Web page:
“This little book is exceptional in that the subject is so clearly explained. It was wonderful to learn that [South African former] President Thabo Mbeki incorporated a San rock painting into our new national coat of arms.… I recommend you dip into this pocket book. You won’t be disappointed.”
Dee Andrew, Citizen, “Citi Vibe,” South Africa
“(San Rock Art) serves as an excellent introduction to the possibilities of studying the subject and would be useful in many sorts of classes. Professionals will also find the volume useful for both general concepts and clear and concise summaries of many of the key points of Lewis-Williams’ interpretive efforts. In summary, this book is a good read. I recommend it for all levels of those interested in the subject of rock art.”
Azania: Archeological Research in Africa
“Perhaps only the eloquent and succinct prose of J.D. Lewis-Williams could present, examine and explain the ethnology and artistry of the San culture in such a quintessential manner…. From explanations of the 'terpsichorean exercises' and the all-important 'trance-dance' to how the San person, shaman or not, can use a painting to go through the 'veil' to the spirit world beyond, the author reveals a world of ethnographic and artistic potency.”
Bradshaw Foundation Book Review
“Making sense of these fascinating artifacts as a novice requires the assistance of an informed guide and Lewis-Williams’ credentials speak for themselves.… This deceptively ordinary-looking book is a fascinating read and will spur you on your travels to view as many San paintings as you can at close-hand, fuelled by your newfound knowledge of the complexity of the beliefs, rituals, and practices of the first inhabitants of South Africa.”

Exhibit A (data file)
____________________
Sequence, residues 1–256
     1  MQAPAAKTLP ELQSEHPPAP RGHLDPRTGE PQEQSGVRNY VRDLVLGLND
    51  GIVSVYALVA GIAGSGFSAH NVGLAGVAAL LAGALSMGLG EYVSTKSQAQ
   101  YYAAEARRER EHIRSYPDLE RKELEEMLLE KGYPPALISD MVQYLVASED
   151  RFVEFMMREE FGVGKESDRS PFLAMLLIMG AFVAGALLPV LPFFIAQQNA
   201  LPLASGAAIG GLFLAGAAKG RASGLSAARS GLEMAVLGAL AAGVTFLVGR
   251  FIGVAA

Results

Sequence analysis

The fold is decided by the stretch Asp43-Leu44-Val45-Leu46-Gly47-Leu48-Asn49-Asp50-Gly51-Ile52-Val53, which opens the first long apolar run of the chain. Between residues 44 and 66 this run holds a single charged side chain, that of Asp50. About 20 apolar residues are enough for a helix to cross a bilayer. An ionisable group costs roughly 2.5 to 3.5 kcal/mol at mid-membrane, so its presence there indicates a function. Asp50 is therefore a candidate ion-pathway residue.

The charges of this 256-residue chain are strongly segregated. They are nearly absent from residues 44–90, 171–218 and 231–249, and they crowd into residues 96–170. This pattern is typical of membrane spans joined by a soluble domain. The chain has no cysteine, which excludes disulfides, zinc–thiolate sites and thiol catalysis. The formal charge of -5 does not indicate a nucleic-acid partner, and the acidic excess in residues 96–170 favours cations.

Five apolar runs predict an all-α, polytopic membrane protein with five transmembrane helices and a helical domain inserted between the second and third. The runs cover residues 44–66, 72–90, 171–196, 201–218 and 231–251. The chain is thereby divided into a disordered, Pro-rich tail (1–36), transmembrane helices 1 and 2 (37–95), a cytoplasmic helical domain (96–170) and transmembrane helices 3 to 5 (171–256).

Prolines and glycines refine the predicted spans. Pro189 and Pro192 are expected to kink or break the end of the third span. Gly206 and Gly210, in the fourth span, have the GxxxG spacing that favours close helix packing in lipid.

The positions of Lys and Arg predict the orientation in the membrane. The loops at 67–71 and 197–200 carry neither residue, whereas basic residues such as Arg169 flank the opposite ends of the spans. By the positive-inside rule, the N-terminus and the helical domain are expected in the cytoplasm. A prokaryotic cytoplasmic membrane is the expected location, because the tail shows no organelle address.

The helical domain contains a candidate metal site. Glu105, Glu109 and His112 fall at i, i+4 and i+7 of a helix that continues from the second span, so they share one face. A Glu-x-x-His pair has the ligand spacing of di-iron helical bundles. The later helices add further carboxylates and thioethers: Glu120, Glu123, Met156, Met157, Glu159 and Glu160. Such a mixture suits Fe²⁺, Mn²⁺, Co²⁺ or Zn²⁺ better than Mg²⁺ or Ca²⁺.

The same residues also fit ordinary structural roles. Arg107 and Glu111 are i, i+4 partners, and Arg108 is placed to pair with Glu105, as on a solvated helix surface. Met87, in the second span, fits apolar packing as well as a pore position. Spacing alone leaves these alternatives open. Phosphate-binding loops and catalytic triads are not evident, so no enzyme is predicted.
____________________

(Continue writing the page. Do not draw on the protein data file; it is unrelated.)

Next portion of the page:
Sunday Tribune, Sunday Magazine, South Africa
San rock paintings, scattered over the range of southern Africa, are considered by many to be the very earliest examples of representational art. There are as many as 15,000 known rock art sites, created over the course of thousands of years up until the nineteenth century. There are possibly just as many still awaiting discovery.
Taking as his starting point the magnificent Linton panel in the Iziko-South African Museum in Cape Town, J. D. Lewis-Williams examines the artistic and cultural significance of rock art and how this art sheds light on how San image-makers conceived their world. It also details the European encounter with rock art as well as the contentious European interaction with the artists’ descendants, the contemporary San people.
J. D. Lewis-Williams is Professor Emeritus and former Director of the Rock Art Research Institute at the University of Witwatersrand, South Africa. He has written more than 135 articles in a wide variety of academic journals as well as authored or coauthored more than sixteen books. His recent books include the award-winning The Mind in the Cave; Inside the Neolithic Mind, co-authored with David Pearce; and Conceiving God: The Cognitive Origin and Evolution of Religion. More info →
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George Stow was a Victorian man of many parts—poet, historian, ethnographer, artist, cartographer, and prolific writer. A geologist by profession, he became acquainted, through his work in the field, with the extraordinary wealth of rock paintings in the caves and shelters of the South African interior. Enchanted and absorbed by them, Stow set out to create a record of this creative work of the people who had tracked and marked the South African landscape decades and centuries before him.